This organization is an asset for women business owners and should be part of your portfolio of membership organizations. The information, data, and educational webinars support our businesses in understanding the political environment, policies, and decisions that affect us. It is also a great networking organization that encourages professional and business development opportunities.


ECCO Select

Learn more about Jeanette and her team at ECCO Select at

Each month, WIPP highlights a member who has leveraged WIPP membership to grow their business, engage with elected officials, and/or elevate the mission of WIPP and the visibility of women-owned businesses.

Tags:  leadership  membership  spotlight 

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19th Amendment: Change Comes from Persistent and Sustained Advocacy

Posted By Sidney Switzer, WIPP Digital Strategy Specialist, Tuesday, August 18, 2020

Sidney Switzer
Today our nation celebrates the 100th anniversary of the ratification of the 19th amendment. In celebrating this anniversary, WIPP looks back to the advocacy that was instrumental to women’s suffrage. The 19th amendment was preceded by not by years, but by decades of advocacy efforts. 

In the 1870s, suffragists began showing up to polls only to file lawsuits when they were turned away. One now famous suffragist, Susan B. Anthony, was arrested and convicted in 1873 for attempting to vote in the 1872 election.Though these instances brought attention to the cause, the United States Supreme Court still ruled that suffrage was not a universal right amongst citizens in 1875. Congress also didn’t pass the bill for women’s suffrage. 

In total, the bill was proposed and rejected every year in Congress for 41 years from 1878 to 1920.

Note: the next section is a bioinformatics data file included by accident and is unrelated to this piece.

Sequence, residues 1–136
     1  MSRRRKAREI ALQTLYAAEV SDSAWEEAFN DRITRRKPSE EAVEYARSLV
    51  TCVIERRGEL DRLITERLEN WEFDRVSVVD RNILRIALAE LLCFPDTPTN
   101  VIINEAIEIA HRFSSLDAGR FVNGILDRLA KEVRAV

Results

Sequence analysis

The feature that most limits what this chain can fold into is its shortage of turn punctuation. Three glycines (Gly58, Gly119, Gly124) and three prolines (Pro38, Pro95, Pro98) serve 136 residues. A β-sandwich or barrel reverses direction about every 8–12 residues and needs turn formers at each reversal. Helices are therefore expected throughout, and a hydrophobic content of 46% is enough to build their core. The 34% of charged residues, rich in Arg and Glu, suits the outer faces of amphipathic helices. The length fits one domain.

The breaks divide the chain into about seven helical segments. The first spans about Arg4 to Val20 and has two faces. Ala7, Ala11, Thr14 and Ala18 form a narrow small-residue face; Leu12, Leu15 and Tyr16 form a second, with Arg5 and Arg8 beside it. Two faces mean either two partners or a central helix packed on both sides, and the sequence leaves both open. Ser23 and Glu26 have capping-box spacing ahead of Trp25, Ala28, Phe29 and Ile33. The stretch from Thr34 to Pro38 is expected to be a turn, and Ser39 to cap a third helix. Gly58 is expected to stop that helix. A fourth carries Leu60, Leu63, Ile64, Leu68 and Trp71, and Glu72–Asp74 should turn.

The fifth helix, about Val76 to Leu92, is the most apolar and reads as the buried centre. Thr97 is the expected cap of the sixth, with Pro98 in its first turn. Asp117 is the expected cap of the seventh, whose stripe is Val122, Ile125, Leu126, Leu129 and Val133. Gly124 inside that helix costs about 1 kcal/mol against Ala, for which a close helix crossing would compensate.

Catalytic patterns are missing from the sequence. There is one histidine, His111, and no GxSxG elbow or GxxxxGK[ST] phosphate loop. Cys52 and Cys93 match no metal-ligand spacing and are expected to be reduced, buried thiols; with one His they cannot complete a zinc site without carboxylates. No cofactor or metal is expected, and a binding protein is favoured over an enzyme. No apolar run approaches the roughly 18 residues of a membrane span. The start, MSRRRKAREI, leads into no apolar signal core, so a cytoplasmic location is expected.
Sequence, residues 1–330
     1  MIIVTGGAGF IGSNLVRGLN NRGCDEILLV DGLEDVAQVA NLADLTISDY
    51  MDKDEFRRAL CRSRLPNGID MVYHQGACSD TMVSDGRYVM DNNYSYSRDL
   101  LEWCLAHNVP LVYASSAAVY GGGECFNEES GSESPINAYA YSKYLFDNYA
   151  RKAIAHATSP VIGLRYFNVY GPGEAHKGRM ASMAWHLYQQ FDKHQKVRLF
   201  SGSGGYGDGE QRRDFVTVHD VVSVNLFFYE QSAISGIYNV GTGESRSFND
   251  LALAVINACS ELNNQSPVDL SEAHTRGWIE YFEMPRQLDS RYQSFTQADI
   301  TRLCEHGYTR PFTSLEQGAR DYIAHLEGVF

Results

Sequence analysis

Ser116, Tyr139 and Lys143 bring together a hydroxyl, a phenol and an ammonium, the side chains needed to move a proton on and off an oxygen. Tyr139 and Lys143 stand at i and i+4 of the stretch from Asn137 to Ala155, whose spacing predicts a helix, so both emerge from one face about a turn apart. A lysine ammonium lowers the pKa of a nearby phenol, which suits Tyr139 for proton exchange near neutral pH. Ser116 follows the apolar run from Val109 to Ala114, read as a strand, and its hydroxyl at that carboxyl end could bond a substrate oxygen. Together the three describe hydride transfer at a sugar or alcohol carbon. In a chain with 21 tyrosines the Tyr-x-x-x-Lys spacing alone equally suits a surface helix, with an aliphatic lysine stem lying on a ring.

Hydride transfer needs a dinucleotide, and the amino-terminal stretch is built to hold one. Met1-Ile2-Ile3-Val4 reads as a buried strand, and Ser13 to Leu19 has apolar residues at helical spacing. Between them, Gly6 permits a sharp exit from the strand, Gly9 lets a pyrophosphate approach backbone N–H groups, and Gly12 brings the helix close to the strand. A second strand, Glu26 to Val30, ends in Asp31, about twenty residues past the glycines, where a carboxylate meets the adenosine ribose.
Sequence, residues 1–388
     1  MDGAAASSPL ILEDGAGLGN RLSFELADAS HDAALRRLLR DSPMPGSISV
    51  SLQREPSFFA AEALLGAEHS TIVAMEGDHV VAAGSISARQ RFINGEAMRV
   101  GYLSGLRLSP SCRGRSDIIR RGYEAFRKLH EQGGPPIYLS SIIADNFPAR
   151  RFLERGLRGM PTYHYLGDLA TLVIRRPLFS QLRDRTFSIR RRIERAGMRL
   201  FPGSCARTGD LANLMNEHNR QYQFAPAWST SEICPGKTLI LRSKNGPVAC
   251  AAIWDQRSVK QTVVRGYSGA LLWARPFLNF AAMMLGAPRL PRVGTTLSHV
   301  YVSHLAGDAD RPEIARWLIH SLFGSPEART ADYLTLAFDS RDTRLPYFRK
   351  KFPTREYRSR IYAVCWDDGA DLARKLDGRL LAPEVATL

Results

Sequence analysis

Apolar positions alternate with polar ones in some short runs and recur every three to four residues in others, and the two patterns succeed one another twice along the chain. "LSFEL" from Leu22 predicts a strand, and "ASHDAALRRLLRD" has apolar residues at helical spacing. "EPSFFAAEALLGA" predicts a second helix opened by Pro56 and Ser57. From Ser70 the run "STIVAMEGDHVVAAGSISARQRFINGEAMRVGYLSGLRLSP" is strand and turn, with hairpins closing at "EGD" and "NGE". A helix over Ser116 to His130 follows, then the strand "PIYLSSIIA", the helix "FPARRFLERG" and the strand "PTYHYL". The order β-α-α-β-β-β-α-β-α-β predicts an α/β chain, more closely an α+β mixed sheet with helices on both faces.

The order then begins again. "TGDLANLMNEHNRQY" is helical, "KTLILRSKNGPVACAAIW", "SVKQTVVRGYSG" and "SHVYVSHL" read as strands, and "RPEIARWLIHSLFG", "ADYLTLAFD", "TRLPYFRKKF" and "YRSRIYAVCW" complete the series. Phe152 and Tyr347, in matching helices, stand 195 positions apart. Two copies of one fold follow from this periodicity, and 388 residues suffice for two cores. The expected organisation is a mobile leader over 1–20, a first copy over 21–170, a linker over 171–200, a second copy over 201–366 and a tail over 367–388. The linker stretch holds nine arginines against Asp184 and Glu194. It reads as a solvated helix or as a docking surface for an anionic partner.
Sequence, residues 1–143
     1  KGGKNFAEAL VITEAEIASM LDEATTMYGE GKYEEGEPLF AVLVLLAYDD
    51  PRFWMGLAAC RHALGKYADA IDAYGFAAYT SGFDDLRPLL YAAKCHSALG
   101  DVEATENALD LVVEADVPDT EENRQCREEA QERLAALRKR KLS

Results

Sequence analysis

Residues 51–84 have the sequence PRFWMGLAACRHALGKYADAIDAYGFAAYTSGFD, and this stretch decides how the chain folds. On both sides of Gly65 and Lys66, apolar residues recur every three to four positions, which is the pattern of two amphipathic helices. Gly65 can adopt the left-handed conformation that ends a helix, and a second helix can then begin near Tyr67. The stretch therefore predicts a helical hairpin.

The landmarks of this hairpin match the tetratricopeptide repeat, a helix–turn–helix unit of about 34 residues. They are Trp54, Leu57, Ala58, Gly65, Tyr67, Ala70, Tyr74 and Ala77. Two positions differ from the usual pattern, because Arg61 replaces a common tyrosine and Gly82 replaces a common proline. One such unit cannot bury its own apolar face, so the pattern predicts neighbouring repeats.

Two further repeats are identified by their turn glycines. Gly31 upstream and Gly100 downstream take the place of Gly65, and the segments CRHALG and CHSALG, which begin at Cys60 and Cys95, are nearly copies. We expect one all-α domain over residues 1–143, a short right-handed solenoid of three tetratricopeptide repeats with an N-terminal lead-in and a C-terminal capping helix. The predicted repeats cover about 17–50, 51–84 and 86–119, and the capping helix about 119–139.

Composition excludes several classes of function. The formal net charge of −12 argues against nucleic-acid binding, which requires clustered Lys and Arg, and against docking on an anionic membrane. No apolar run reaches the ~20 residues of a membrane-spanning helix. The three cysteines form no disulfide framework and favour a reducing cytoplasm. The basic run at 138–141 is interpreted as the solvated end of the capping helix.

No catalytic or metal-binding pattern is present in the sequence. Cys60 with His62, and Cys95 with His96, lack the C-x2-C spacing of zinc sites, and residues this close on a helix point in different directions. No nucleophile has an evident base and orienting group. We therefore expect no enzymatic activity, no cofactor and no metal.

Adopting a different strategy, the National American Woman Suffrage Association (NAWSA) targeted suffrage from a state level. This strategy proved to be efficacious. By the time the 19th Amendment was federally recognized, over half of the United States already had granted some form of women’s voting rights. 

In 1913, suffragists organized one of the first major demonstrations and protest parades down Pennsylvania Avenue in Washington, D.C. This was the first public women’s suffrage demonstration to happen in the Nation’s Capitol. It was also a visible moment when women suffragists adopted and allowed segregation to subvert the achievements of women of color, including activist Ida B. Wells-Barnett

But the movement continued. In 1915, Mabel Vernon and Sara Bard Field gathered 500,000 signatures on their petition to Congress for women’s suffrage.

Finally, in 1920, the 19th amendment was ratified and officially certified that American women have the national right to vote. Only eight days after the 19th amendment was ratified, 10 million women joined the electorate. 

The lesson learned from the 150-year struggle for women’s suffrage is the absolute necessity for advocacy in creating social and political change. No one suffragist, organization, bill, or demonstration caused the 19th amendment to be ratified. It was the persistent dedication and continued advocacy that slowly but surely granted women this constitutional right.